City Desk

Post Memo Changes Policy on Draft Sharing, Quote Approval

Washington Post editor Marcus Brauchli is finally lowering the boom on draft-sharers and the paper's quote approval policy. In the aftermath of a Texas Observer story about how Post education reporter Daniel de Vise shared story drafts with college officials, as well as the New York Times' story about the Post and other publications allowing campaign operatives to edit their quotes before publication, Brauchli took a stand against both practices in an email to staff this afternoon.

"There have been reports raising compelling questions of journalistic ethics in the practices of allowing sources to set rules on the use of quotations and the sharing of story drafts," Brauchli writes. His solution: Some changes to the Post's stylebook that include requiring the approval of Brauchli or managing editors John Temple and Liz Spayd for full draft sharing and putting a note in the article if a source adds to a quote after it's said.

Follow the jump to see the changes in full, and compare that to the old section on draft sharing.

The stylebook change also includes a new Don't Write Anything That Could Embarrass the Post rule:

In negotiating terms of engagement with a source, reporters and editors should be prepared for everything they say or write, in any medium, on the telephone or in person, to become public. They should make no promises, agree to no compromises and offer no concessions that aren’t compatible with this policy and The Post’s standards. Clarity and straightforwardness in our communications with sources is essential.

Brauchli's full email, after the jump.

 

To the staff:

Over the last several days, there have been reports raising compelling questions of journalistic ethics in the practices of allowing sources to set rules on the use of quotations and the sharing of story drafts. We’d like to remind everyone of some core principles and lay down guidelines that should govern those practices at The Post.

The central principle of our journalism is to report the facts as closely as we can ascertain them. We should never do or promise to do anything that would shade the truth or call into question our commitment to reporting the news accurately and fairly. That is essential to the trust we enjoy from the people we work for, our readers.

In response to the issues raised recently, we are modifying the relevant sections of The Post Stylebook. Please read this carefully. We encourage further discussion and will incorporate these specific points in upcoming sessions of Newsroom University.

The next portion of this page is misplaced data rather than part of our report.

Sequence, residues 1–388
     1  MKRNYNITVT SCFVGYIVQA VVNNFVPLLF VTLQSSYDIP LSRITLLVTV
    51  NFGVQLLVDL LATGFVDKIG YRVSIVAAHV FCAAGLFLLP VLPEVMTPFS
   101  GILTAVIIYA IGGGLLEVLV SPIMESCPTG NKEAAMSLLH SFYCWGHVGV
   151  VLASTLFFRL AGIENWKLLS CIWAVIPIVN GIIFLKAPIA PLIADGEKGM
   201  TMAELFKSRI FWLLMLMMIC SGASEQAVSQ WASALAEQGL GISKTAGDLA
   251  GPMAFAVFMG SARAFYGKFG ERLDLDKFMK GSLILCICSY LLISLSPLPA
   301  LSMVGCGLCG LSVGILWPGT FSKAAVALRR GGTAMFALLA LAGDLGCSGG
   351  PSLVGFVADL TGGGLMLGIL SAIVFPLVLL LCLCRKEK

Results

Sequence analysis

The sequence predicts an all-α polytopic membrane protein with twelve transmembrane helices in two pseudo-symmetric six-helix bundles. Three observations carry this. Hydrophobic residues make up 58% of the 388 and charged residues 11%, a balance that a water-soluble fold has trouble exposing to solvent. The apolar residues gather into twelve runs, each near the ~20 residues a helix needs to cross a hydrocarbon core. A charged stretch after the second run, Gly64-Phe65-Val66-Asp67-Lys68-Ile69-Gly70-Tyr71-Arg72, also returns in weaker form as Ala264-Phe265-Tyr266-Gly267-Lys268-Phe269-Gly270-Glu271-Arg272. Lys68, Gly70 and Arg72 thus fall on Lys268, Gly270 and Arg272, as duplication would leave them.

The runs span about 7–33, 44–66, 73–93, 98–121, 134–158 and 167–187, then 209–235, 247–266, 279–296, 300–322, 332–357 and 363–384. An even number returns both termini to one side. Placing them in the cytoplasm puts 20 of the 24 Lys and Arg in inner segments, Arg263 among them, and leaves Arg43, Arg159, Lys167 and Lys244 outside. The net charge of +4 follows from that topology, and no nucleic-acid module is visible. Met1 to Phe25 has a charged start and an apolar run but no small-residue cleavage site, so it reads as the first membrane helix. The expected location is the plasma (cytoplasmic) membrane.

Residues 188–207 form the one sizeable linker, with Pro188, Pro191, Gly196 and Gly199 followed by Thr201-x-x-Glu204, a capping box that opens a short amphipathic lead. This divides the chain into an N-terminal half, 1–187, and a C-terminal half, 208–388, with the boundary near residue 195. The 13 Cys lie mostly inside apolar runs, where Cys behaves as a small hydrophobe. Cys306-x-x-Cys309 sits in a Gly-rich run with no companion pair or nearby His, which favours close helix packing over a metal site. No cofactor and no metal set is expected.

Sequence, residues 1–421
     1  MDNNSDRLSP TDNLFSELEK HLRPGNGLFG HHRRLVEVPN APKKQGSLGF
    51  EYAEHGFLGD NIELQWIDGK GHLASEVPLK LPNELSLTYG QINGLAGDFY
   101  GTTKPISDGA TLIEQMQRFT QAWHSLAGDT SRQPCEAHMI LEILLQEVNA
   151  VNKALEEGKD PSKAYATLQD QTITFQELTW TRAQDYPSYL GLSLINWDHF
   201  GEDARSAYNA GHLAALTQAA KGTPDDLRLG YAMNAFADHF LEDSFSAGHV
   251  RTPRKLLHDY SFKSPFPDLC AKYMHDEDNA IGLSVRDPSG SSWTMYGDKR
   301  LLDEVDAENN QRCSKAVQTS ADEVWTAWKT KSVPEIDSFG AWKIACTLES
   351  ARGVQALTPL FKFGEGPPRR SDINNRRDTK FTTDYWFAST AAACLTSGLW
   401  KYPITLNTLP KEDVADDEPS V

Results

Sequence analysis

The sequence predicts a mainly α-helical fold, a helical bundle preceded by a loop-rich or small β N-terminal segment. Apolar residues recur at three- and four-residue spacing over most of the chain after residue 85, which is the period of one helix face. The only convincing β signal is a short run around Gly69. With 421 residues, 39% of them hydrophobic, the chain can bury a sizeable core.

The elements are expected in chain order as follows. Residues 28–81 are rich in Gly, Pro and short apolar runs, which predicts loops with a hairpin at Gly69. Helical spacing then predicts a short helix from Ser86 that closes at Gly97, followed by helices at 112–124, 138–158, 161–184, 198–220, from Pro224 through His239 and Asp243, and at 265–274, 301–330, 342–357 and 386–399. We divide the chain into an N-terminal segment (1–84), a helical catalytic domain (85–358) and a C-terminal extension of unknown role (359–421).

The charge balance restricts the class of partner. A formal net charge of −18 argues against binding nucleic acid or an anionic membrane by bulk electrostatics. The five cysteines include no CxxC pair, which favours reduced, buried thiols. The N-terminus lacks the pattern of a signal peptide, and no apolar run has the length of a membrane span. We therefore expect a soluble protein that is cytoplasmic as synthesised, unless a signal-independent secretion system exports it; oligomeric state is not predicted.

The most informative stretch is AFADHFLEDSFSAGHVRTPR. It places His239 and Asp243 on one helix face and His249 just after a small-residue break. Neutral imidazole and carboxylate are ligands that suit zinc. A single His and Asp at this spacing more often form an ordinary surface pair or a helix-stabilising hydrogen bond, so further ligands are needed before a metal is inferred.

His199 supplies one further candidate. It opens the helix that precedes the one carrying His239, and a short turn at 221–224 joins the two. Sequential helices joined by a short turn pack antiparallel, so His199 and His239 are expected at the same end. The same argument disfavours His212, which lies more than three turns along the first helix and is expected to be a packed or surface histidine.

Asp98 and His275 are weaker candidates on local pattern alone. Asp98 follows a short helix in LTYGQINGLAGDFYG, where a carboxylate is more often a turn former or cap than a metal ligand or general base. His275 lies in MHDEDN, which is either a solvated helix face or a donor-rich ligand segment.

Marcus Liz John Shirley Peter

Our objective in quoting people is to capture both their words and intended meaning accurately. That requires care in negotiating ground rules with sources.  We do not allow sources to change the rules governing specific quotations after the fact. Once a quote is on the record, it remains there.

Sometimes, a source will agree to be interviewed only if we promise to read quotations back to the source before publication. We should not allow sources to change what was said in an original interview, although accuracy or the risk of losing an on-the-record quote from a crucial source may sometimes require it. A better and more acceptable alternative is to permit a source to add to a quotation and then explain that sequence to readers. If you find yourself in this gray area, consult with your editor.

Some reporters share sections of stories with sources before publication, to ensure accuracy on technical points or to catch errors. A science writer, for instance, may read to a source a passage, or even much of a story, about a complex subject to make sure that it is accurate. But it is against our policy to share drafts of entire stories with outside sources prior to publication, except with the permission–which will be granted extremely rarely–of the Executive Editor or Managing Editor.

In negotiating terms of engagement with a source, reporters and editors should be prepared for everything they say or write, in any medium, on the telephone or in person, to become public. They should make no promises, agree to no compromises and offer no concessions that aren’t compatible with this policy and The Post’s standards. Clarity and straightforwardness in our communications with sources is essential.

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  • Joe

    Too late, Marcus. I canceled your odiferous rag last year. If you fire the editorial board, I might resubscribe.

  • carefulreader

    Sad that a newspaper once known for accountability reporting has come to this. It seems like some reporters at WaPo are more concerned with keeping their sources happy than trying to get at the truth. What is up with the "I've never had a dissatisfied customer" line? I thought the customers were the (dwindling number of) people who buy the paper?

  • Steve

    Don't see the issue with draft sharing. Why not allow a story to become more accurate by letting a source check? The reporter has the option of accepting or rejecting changes.

  • kob

    You wonder what's really going on here. Yes, sharing drafts isn't a great idea. But why all this fire and brimstone and journalism 101? What's the dynamic the led this memo?

  • Pingback: No, sources don’t get to approve quotes or drafts | Rob Pegoraro

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